Poetic, Experimental, Young: Inaugural Almultaqa Prize Shortlist

Al-Multaqa Prize for the Short Story has announced its inaugural shortlist, with an emphasis on vigorous, young, experimental writing with a mythological twist:

multaqaThe new Kuwait-based prize is unique in its dedication to Arabic short-story collections, promising $20,000 and translation into English for its winner.

The five-strong shortlist, announced yesterday, included Mazen Maarouf‘s “Nokat lil-Musalaheen” (“Jokes for the Gunmen”); Mohamed Rafie‘s “Asal al-Nun”;  Lutf al-Sarary‘s “Al-Raja’ Adam al-Qasf” (“Please Don’t Bomb”); Anis Arafai’s “Masahat al-Dumi” (“Clinic for Dolls”); and Khadija Alnemer’s “Al-Afkar al-Sabeha Bayn al-Sama’ w al-Ard” (“Ideas Hanging Between Earth and Sky”).

There were 189 collections in contention for the prize, sent in from 15 different countries. That was whittled down to a ten-book longlist announced a month ago, and now to a five-book shortlist.

Egyptian short-story writer and novelist Mohamed Rafie has previously taken a major prize for his short-story writing: the 2012 Sawiris prize for young writers for his short-story collection The Splendor of Water. An Al Hayat review called the stories in this latest collection “stories of place and mythology.”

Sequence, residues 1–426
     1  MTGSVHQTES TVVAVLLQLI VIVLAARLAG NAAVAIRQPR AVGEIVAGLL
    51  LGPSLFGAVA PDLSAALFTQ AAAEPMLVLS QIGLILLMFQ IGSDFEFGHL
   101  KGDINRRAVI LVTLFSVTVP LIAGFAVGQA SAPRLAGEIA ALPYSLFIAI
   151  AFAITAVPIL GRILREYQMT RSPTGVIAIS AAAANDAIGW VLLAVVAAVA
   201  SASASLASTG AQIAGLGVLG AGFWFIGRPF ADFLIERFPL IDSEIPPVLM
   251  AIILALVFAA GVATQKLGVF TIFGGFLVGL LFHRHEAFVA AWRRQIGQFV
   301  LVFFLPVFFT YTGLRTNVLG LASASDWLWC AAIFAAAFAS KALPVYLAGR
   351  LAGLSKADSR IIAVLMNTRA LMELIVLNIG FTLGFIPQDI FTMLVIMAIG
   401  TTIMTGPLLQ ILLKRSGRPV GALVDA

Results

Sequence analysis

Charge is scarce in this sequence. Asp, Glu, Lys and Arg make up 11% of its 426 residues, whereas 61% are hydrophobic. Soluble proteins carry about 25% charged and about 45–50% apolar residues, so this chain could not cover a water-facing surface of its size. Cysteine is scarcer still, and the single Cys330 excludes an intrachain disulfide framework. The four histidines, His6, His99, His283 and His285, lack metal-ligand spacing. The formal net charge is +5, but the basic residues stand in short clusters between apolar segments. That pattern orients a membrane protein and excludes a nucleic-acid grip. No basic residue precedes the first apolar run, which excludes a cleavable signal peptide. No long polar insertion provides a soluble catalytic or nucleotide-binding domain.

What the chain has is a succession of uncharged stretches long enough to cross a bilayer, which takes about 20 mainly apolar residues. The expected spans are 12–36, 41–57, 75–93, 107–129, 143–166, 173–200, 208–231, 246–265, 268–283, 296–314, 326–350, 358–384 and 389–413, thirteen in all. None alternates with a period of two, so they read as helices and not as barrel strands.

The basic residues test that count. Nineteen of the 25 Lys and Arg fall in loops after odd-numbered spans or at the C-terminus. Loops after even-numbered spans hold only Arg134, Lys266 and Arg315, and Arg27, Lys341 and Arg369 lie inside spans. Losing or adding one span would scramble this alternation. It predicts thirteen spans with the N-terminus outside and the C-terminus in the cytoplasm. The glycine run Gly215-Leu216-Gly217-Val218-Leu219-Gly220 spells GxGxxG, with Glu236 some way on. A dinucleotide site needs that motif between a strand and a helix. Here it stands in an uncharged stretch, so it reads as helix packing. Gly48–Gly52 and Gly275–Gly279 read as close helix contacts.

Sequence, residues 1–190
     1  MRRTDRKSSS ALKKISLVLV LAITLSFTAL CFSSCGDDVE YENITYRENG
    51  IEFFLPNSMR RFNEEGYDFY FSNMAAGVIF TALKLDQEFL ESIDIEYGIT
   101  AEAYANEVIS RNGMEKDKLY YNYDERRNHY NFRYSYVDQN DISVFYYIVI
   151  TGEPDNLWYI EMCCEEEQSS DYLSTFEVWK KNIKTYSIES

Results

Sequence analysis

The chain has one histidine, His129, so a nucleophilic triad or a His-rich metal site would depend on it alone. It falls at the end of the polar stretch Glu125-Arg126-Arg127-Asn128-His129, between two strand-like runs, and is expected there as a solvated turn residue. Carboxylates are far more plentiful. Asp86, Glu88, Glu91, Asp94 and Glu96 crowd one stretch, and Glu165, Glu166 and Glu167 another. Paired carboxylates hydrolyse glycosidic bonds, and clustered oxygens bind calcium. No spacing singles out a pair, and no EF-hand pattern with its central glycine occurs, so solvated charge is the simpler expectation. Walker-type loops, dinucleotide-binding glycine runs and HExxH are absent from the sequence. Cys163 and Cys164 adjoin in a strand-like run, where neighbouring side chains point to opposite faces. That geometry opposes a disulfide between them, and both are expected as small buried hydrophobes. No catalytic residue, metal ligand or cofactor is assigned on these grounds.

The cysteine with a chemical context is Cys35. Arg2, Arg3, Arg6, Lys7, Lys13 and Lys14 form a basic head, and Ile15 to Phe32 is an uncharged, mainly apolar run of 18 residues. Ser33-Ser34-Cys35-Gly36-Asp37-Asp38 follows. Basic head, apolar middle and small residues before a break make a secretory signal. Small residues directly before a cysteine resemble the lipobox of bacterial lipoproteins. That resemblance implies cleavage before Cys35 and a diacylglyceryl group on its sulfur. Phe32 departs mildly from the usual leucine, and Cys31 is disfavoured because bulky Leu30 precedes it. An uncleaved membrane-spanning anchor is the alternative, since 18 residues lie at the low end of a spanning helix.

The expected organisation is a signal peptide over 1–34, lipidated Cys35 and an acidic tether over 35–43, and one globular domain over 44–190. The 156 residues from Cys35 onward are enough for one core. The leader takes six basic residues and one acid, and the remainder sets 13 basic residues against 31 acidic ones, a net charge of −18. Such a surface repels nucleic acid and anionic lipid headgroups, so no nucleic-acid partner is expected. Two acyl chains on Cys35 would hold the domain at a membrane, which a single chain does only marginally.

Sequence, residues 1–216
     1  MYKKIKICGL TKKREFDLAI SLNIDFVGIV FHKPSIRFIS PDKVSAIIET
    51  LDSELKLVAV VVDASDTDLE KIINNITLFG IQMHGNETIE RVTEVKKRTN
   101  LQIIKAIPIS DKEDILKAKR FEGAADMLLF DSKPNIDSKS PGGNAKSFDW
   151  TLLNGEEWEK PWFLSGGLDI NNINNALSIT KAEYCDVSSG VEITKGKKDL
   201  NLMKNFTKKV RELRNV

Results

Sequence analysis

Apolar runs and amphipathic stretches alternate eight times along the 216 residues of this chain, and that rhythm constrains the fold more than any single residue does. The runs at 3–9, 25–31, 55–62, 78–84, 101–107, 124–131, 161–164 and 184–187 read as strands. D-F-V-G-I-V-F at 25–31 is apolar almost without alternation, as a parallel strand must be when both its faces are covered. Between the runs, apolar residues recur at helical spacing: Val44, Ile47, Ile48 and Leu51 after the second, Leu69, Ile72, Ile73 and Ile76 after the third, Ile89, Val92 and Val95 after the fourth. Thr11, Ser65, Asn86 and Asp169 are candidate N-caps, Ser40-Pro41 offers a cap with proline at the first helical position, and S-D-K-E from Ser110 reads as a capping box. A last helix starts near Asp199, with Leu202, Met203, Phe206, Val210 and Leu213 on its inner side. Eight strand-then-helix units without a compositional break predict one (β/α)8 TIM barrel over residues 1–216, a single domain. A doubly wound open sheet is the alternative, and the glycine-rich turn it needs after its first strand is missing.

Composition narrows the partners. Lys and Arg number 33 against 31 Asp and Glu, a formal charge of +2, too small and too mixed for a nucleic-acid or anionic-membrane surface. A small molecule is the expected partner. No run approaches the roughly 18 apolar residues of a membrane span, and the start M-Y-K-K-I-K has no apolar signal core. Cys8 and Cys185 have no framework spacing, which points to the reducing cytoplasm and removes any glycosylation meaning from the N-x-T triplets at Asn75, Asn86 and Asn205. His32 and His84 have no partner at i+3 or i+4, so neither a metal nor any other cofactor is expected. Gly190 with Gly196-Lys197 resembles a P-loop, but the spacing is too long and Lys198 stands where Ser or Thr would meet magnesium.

Experimental Moroccan short-story writer Anis Arafai participated in the International Prize for Arabic Fiction writers’ workshop and has won the Gutenberg Prize. Fellow short-story writer Hisham Bustani called Arafai’s short stories “innovative, relentless, and an agitation to the imagination.”

A few of Arafai’s stories have been translated into English,  including “The Leg,” translated by Emma Ramadan and “Minouche,” translated by Ruth Ahmedzai Kemp.

Debut Palestinian-Icelandic short-story writer Mazen Maarouf is celebrated poet with three collections. His poems have been translated into at least seven languages. Jokes for the Gunmen was his debut short-story collection. His wonderfully strange, incantatory short story “The Boxes” was included in Beirut Noir, edited by Iman Humaydan and translated by Michelle Hartman.

Yemeni journalist and short-story writer Lutf al-Sarary debuted in 2009 with the collection Like Who Smokes One Cigarette in One Breath.

Saudi writer Khadija Alnemer is the only woman on the list: Reviewers praise her poetic language, breadth of cultural and historical knowledge, diversity of times and settings, as well as her portrayal of women’s lives.

The five judges are Ahmed al-Madeeni (chair), Ezzat al-Qamhawi, Dr. Ali Ajail al-Anezi, Dr. Fadia Faqir, and Salma Saleh.

The winner is set to be announced in December at the American University of Kuwait.